Hungarian Foreign Minister Péter Szijjártó, after talks with White House senior adviser Jared Kushner in Washington, DC, on Wednesday, said “new momentum” was needed in the Middle East peace process, highlighting its importance with regard to Europe and specifically Hungary’s security.
Speaking to MTI, Szijjártó said US President Donald Trump’s peace plan for the Middle East could pave the way for securing peace and stability in the region.
The minister said the plan was in line with the Hungarian government’s principles regarding Israel, namely that the international community must apply a balanced approach to the country, that the achievement of a two-state solution must be based on direct talks and the need to carry on with the fight against terrorism.
Hungary does not support the imposition of trade embargoes against Israeli companies or that European Union institutions should give in to pressure from certain member states to represent an “anti-Israel” stance in the United Nations, Szijjártó said. It also opposes resolutions by the UN “that serve only to create tension”, he added. He expressed hope that Israel and Palestine would be prepared to hold direct talks. Meanwhile, Szijjartó warned that allowing terrorist groups to regain a hold in the region would set off new migration waves towards Europe.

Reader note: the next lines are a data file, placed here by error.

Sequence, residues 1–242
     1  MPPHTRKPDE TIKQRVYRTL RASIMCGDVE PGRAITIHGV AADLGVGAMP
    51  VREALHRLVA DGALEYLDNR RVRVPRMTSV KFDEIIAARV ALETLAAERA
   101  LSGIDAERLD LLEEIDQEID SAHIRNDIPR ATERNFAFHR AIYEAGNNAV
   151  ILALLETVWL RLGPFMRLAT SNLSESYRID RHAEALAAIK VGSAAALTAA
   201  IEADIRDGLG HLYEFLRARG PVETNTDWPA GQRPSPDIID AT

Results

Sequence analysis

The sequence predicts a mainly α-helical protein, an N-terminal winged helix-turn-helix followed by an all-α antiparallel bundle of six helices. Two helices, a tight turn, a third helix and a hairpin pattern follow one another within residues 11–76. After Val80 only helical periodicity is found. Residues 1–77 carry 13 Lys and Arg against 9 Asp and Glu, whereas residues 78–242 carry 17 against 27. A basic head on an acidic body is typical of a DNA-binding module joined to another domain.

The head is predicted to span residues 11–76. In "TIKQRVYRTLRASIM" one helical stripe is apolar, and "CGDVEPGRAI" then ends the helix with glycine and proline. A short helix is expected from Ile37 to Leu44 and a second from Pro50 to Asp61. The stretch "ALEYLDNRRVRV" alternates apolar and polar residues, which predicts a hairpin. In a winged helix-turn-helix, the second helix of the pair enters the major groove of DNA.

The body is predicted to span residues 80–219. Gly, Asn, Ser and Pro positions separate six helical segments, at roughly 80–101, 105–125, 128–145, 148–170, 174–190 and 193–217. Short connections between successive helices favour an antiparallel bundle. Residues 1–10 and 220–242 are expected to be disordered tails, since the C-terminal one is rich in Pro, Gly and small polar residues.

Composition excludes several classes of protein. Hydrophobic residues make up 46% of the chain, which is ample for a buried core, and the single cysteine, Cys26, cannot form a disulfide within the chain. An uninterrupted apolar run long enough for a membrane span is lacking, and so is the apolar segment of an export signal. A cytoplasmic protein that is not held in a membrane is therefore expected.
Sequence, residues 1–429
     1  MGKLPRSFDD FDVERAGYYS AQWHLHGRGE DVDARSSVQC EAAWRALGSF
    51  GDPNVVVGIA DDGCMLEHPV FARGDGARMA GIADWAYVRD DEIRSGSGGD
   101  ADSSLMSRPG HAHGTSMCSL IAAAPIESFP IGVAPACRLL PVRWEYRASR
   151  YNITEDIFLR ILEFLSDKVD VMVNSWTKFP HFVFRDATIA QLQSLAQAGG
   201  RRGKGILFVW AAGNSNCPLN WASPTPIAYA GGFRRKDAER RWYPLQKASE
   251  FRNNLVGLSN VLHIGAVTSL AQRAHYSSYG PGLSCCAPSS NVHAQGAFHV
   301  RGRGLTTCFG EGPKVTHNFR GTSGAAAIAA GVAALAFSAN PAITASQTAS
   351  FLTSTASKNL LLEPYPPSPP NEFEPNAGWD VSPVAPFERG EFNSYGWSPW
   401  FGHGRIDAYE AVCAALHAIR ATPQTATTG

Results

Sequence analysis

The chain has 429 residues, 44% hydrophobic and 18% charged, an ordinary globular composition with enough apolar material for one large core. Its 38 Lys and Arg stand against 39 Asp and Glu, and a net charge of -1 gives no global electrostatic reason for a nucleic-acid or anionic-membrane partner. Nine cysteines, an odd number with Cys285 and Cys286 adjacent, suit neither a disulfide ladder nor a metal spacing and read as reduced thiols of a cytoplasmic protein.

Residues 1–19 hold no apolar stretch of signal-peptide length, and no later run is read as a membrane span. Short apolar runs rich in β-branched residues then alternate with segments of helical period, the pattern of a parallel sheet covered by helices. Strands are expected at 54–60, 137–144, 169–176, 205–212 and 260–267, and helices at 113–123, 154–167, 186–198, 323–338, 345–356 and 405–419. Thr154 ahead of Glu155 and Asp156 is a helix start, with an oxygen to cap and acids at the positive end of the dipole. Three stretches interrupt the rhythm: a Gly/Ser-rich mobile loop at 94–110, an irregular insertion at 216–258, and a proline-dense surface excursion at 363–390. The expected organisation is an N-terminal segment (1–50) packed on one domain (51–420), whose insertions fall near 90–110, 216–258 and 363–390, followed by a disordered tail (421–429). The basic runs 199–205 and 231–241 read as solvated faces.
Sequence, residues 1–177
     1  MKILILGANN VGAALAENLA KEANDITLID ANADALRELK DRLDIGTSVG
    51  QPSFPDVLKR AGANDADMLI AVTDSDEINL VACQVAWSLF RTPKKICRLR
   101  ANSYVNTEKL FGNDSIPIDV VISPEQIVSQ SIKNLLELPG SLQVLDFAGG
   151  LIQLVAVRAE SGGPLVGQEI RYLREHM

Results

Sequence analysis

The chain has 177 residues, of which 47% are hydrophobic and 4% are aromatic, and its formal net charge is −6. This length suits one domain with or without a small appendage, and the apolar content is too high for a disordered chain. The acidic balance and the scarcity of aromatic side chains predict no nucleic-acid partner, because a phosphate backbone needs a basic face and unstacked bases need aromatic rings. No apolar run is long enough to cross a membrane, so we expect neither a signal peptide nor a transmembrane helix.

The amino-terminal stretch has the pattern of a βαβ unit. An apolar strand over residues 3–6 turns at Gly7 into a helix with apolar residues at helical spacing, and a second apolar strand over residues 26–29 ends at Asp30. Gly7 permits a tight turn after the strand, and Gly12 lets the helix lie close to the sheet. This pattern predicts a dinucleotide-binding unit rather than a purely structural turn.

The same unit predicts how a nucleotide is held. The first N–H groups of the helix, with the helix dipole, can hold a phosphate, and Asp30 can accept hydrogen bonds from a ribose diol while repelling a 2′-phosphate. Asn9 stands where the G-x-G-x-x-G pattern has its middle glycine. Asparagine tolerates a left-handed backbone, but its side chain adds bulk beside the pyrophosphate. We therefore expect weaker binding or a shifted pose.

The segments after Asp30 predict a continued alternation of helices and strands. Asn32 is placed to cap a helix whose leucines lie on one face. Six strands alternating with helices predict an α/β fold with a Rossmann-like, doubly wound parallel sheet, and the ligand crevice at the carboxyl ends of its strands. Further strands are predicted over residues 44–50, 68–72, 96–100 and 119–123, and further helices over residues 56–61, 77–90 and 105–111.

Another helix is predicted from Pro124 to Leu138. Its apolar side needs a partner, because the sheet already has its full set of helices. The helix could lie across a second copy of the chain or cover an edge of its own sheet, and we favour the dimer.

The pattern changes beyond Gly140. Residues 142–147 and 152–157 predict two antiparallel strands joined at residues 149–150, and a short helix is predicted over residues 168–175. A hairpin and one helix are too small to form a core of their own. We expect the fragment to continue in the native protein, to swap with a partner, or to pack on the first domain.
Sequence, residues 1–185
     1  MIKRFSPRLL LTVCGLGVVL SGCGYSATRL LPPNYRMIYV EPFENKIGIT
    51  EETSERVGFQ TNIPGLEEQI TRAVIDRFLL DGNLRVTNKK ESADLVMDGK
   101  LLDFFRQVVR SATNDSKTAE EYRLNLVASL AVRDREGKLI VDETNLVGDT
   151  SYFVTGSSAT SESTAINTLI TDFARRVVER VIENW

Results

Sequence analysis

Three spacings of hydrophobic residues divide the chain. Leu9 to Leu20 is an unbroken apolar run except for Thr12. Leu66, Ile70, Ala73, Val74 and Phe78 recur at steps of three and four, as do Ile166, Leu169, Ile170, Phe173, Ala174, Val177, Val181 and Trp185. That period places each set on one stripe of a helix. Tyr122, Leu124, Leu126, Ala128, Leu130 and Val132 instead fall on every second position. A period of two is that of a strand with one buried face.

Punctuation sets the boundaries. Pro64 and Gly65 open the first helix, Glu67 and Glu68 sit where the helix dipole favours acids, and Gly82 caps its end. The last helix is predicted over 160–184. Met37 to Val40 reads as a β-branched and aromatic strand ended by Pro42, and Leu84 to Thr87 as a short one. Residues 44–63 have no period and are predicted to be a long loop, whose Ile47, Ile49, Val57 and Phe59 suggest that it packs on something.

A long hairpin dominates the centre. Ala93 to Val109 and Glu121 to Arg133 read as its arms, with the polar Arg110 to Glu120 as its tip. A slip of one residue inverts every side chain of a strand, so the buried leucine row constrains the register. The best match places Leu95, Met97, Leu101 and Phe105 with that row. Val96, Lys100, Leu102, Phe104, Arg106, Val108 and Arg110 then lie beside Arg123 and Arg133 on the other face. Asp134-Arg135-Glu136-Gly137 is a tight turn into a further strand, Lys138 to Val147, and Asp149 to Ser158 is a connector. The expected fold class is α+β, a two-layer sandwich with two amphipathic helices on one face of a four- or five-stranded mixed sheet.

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Szijjártó said previous efforts to resolve the Israel-Palestine situation had failed for a variety of reasons. One of these, he said, had been that international political players had represented “an unbalanced, prejudiced and unfair” approach to Israel, while proposals that aimed to resolve the deadlock had been unsuccessful.
“New momentum, something new is needed so that the [peace] process can pick up again and so that there can be a realistic chance for success,” he said.
Steve Bannon and Péter Szijjártó in Washington. Photo by Ministry of Foreign Affairs and Trade
Later, Szijjártó met former White House adviser Steve Bannon.
In the featured photo (from left to right): Jared Kushner and Péter Szijjártó. Photo by Ministry of Foreign Affairs and Trade